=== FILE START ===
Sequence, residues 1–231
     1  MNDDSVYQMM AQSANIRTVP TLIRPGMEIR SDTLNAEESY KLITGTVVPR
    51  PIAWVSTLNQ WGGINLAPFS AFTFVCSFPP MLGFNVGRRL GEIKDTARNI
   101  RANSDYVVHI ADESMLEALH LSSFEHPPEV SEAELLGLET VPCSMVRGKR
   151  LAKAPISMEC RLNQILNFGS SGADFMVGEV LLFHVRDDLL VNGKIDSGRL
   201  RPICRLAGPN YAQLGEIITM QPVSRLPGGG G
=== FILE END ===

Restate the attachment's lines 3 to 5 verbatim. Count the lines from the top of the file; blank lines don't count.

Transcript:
    51  PIAWVSTLNQ WGGINLAPFS AFTFVCSFPP MLGFNVGRRL GEIKDTARNI
   101  RANSDYVVHI ADESMLEALH LSSFEHPPEV SEAELLGLET VPCSMVRGKR
   151  LAKAPISMEC RLNQILNFGS SGADFMVGEV LLFHVRDDLL VNGKIDSGRL